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People With Type 1 Diabetes: Know The Recommended Blood Sugar Levels To Avoid Eye And Kidney Complications

Abnormalities in the blood sugar level, the prime risk factor for diabetes, can lead to heart, kidney and dental disease, stroke and even blindness. Though the blood glucose level test can be checked at home, diabetes can be a more complicated condition requiring clinical examinations. Some common signs of diabetes can be increased thirst and hunger, dry mouth, blurred vision and headaches. The pharmaceutical tests include two ways of testing – checking the blood sugar level on an empty stomach and after eating. A better way to evaluate blood sugar is through the HbA1c test.

If you have type 1 diabetes, the levels of long-term blood sugar, HbA1c, can determine your risk of developing eye- and kidney complications.

Written by Longjam Dineshwori |Updated : September 13, 2022 11:31 AM IST

Uncontrolled diabetes can lead to serious complications, causing damage to various organs including heart, eyes, kidneys, and brain. So, diabetics are advised to keep their blood sugar levels in check to reduce the risk of these complications. But it has not clear about the level of blood sugar people with type 1 diabetes should maintain in order to avoid diabetes-related damage.

A study from Link ping University, Sweden, has revealed the ideal levels of long-term blood sugar, HbA1c, to avoid diabetes-related complications. People with type 1 diabetes should keep the HbA1c level below 53 mmol/mol (7 per cent) to avoid developing eye- and kidney complications, it said.

The results of the study, which followed 447 patients for more than 30 years after the onset of type 1 diabetes, were published in Diabetes Care.

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Type 1 Diabetes and Related Complications

The research team examined the patients' HbA1c values and observed the development of eye and kidney damage in them for as long as 36 years after diagnosis. The team was led Hans Arnqvist, professor emeritus at Link ping University.

Type 1 diabetes often causes damage to small blood vessels in the retina, leading to a condition called diabetic retinopathy, which is the main cause of decreased vision or blindness amongst diabetics.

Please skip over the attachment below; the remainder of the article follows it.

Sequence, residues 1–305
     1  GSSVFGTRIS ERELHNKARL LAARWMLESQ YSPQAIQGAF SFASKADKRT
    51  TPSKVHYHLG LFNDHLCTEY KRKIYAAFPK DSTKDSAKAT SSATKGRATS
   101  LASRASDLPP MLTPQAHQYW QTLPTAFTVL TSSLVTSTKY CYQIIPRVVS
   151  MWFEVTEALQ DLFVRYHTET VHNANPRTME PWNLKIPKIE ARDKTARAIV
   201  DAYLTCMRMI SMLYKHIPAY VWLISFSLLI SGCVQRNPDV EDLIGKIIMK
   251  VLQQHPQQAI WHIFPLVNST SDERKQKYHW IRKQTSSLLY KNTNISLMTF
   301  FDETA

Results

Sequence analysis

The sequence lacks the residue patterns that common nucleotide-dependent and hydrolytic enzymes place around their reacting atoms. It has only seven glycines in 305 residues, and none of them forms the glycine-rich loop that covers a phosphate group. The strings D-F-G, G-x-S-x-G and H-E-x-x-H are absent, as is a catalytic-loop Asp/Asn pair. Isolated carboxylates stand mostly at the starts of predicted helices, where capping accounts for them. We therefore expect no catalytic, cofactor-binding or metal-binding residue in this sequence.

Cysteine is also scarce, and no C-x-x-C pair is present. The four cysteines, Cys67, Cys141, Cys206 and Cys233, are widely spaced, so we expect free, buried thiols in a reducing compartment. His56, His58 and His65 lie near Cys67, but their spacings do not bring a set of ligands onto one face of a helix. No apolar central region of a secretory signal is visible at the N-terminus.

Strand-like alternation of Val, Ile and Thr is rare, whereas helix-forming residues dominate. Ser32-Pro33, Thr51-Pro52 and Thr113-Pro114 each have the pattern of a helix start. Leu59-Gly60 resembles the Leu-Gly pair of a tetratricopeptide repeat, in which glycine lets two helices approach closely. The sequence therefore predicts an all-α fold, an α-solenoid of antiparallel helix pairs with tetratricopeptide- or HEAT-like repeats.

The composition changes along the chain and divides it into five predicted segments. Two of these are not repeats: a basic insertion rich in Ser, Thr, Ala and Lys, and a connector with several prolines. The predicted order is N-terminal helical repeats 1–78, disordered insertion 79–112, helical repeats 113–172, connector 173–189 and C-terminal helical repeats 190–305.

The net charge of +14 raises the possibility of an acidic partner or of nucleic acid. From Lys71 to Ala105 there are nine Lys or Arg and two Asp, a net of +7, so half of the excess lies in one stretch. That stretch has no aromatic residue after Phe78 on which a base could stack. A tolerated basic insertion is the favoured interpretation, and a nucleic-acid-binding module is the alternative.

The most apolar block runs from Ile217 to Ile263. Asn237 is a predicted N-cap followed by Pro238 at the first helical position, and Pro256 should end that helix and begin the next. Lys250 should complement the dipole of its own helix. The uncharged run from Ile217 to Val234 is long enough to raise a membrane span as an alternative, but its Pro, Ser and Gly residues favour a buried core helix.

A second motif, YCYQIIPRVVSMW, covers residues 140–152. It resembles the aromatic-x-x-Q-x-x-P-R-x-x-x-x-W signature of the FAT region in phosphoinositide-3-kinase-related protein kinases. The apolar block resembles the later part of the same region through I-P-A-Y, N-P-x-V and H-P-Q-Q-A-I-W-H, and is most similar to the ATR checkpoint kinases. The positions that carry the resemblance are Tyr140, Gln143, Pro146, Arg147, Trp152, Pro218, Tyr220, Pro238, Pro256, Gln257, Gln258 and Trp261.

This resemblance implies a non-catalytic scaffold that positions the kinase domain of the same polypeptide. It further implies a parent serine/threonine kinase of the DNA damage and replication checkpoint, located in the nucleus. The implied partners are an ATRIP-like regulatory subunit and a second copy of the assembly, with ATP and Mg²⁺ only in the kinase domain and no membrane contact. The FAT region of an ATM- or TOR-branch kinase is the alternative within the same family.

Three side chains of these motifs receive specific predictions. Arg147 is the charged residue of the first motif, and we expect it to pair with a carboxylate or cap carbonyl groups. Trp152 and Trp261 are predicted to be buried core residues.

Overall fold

In the study, almost all patients experience small haemorrhages in the eye that do not affect their vision. But in some patients, new blood vessels develop in their retina. The researchers identified the condition as 'proliferative retinopathy' and cautioned that it can lead to blindness. Further, they noted that diabetes can cause damage to the 'macula' of the retina, where high-focus vision is located, and this can cause blurred vision.

High blood sugar levels can also cause damage to the small blood vessels in the kidneys, and lead to the excretion of blood proteins, such as albumin, in the urine. When albumin is present in the urine, it is called 'albuminuria'. Diabetes-related damage to the kidneys can impair kidney function and even lead to kidney failure.

Remember The Recommended Blood Sugar Levels

In a healthy person without diabetes, the maximum level of long-term blood sugar or HbA1c is 42 mmol/mol (6.0 per cent).

The Link ping University study recommended that people who have type 1 diabetes for at least 32 years should keep their mean long-term sugar level below 53 mmol/mol (7.0 per cent), in order to avoid serious damage to their eyes and kidneys.

Hans Arnqvist, however, noted that it's not possible for patients with low blood sugar (hypoglycaemia) to control their blood sugar level so strictly.

Similar level for HbA1c is being recommended by the American Diabetes Association

Type 1 diabetes, which is also known as insulin-dependent diabetes, is a type of diabetes in which the pancreas makes little or no insulin, the hormone that control glucose levels in the body.

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